Digable Planets Made Jazz-Rap Cool Like Dat For Just About Everybody (Video)

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Hi. We recently created AFH TV, Ambrosia For Heads’ streaming video service, because we believe real Hip-Hop deserves its own dedicated TV home. But, there are doubters, so, we need your help. If you have enjoyed anything on AFH over the last 7 years, we are asking you to subscribe to AFH TV. It is only $1.99/month or $12/year, and already features some amazing content, but the best is yet to come. Thank you for all of your support.

Late, great Gang Starr lyricist Guru ambitiously declared “The ’90s will be the decade of a Jazz thing” on the Mo’ Better Blues soundtrack single named just that. Jazz-Rap was still an anomaly when groups like Public Enemy, N.W.A., and Boogie Down Productions were pulling extensively from ’60s and ’70s R&B, Funk, and Rock & Roll. Those sources were then often combined with Roland TR-808 bass thumps and drum programming.

After that a bevy of Rap acts from both East and West Coasts such as A Tribe Called Quest, Us3, The Pharcyde, Brand New Heavies, and Buhloone Mindstate-era De La Soul became the torchbearers for what could be deemed “Jazz-Rap.” When multi-city trio Digable Planets released their Pendulum/Elektra Records single “Rebirth of Slick (Cool Like Dat)” in the second week of November of 1992, the song’s success eventually made them breakout front-runners of the movement.

Digable’s group members Doodlebug, Butterfly (aka Ish), and Ladybug Mecca had individual histories in Seattle, Maryland, Philadelphia, and Brooklyn. Together, they sounded worldly and nostalgic. Mecca, the smoky-voiced female MC in the group, was a mirror of Rap pioneer Sha Rock in her group Funky 4 + 1. Digable, ahead of The Fugees and Arrested Development, represented a spectrum of gender, style, and sound.

The lead-in to 1993’s Reachin’ (A New Refutation of Time and Space), “Rebirth of Slick (Cool Like Dat)” had a steady, organic build from college radio. It would become the Planets’ only Top 40 hit (peaking at #15 on the Billboard Hot 100 singles chart on March 6, 1993, reaching #1 on the Hot Rap Singles chart). The single’s video, which showed the group walking through the streets of Brooklyn and onstage at a Jazz café, captured their inspiration.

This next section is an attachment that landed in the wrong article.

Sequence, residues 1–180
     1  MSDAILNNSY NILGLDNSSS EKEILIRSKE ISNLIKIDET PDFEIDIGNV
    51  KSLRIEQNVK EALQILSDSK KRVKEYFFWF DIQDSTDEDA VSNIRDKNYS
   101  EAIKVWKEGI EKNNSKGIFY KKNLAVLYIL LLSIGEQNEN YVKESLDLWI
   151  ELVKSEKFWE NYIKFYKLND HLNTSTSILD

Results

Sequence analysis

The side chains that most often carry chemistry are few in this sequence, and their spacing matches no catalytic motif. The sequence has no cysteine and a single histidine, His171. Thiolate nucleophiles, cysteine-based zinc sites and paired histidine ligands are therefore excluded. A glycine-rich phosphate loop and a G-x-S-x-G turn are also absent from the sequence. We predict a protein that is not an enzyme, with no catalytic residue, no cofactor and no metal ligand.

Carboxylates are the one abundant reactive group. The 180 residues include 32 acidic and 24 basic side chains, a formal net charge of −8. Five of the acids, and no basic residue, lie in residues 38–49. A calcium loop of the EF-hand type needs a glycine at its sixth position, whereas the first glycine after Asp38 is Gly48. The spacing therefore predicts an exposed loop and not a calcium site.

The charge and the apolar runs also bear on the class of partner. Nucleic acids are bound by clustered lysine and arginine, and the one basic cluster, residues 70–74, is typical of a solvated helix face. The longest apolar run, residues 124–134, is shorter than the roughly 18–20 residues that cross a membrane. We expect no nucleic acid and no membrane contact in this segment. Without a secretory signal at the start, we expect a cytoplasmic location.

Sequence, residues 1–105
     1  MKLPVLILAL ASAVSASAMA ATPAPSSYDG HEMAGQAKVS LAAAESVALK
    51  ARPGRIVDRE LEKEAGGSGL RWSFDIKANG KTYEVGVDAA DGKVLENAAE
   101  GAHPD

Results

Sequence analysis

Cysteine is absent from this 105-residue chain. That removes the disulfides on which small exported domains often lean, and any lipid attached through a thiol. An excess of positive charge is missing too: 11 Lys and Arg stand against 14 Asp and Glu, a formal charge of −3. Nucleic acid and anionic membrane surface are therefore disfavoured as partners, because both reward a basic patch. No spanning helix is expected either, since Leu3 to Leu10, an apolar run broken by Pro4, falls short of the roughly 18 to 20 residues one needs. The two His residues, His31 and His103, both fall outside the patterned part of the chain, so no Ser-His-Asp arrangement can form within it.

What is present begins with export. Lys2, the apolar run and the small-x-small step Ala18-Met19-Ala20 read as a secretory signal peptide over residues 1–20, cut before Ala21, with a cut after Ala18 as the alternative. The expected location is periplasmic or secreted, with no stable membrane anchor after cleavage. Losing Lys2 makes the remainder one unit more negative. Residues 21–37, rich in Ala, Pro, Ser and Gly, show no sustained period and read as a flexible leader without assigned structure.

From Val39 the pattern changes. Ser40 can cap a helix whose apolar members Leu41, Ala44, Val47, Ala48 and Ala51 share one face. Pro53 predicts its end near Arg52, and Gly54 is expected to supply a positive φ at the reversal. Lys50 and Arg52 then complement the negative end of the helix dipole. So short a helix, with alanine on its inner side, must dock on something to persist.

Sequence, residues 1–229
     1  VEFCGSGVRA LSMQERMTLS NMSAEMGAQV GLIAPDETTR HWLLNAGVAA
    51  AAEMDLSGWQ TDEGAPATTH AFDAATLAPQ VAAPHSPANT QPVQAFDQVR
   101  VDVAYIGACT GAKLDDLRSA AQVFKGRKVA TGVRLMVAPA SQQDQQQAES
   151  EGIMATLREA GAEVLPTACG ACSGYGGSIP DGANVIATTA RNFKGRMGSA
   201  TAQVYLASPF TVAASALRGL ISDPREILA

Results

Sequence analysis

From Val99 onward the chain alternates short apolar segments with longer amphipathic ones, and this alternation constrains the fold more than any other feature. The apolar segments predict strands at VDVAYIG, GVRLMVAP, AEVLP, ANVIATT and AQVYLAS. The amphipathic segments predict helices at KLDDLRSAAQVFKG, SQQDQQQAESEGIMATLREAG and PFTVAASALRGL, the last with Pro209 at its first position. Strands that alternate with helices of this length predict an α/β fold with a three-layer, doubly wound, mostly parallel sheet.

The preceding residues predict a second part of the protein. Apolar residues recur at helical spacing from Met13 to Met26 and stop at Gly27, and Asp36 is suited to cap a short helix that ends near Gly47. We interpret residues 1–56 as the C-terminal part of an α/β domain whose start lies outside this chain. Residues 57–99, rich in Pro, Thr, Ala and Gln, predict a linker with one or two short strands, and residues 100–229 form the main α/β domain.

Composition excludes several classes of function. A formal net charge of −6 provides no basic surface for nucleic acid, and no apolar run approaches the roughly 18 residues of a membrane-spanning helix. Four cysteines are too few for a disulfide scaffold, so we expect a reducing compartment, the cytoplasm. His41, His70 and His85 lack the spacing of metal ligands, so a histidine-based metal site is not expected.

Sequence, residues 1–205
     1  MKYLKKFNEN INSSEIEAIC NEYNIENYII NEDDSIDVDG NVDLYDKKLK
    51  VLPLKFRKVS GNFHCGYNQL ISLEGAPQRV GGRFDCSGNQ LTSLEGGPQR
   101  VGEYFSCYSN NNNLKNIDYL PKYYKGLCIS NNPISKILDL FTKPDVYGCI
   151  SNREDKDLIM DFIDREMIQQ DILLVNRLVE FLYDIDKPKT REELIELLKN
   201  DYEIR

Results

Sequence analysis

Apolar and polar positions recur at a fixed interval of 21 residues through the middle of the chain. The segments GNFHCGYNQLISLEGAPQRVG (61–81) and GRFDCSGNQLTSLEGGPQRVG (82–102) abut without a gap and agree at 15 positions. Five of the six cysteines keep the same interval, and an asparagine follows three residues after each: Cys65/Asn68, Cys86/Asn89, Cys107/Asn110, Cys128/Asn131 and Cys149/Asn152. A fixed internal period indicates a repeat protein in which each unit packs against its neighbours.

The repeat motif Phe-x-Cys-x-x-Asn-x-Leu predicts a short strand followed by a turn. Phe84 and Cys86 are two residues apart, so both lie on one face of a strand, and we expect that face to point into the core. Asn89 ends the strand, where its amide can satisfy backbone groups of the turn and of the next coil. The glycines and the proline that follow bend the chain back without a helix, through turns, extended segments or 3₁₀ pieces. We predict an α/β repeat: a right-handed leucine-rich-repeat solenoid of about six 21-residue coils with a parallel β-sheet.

In the smooth lyrics, mentions such as ’70s film character “Cleopatra Jones,” added to the group’s rep as arbiters of classic-cool. Acts like Camp Lo would follow later in the decade with similar idea of retro-hip. At a time when Rap videos and subject matters seemed stuck on the streets, “Rebirth” felt accessible, and inclusive to all. Eventually, the song produced by Butterfly, Mike Mangini, and Shane Faber went gold and garnered Digable Planets a Grammy Award for “Best Rap Performance By A Duo Or Group” in 1994.

Twenty-five years later, the song’s legacy reaches across all sub-genres of Rap. Jazz-Rap has influenced Kendrick Lamar, Ab-Soul, Oddisee, Terrace Martin, and a host of others. E-40’s 2006 hit single “Yay Area” on his 2006 gold-selling album My Ghetto Report Card used it for a chorus.

The Planets still orbit, thanks to lots of concerts and touring. They dropped a live LP earlier this year. The trio conducted an interview with Ambrosia For Heads in 2016. Meanwhile, Ladybug Mecca (who now DJs) has joined Prince Paul, Don Newkirk, and MC Rodrigo in Brookzill!. After some years recording as “Cherrywine,” Ish has garnered strong acclaim for his group, Shabazz Palaces on Sub Pop Records. This year, they dropped Quazarz vs. The Jealous Machines. Doodlebug, now known as Cee Knowledge, formed Cee Knowledge & The Cosmic Funk Orchestra. They last released 2014’s To Life, Love, & Loot.

Like the message they were trying to convey back in late 1992, Digable Planets’ biggest hit is timeless.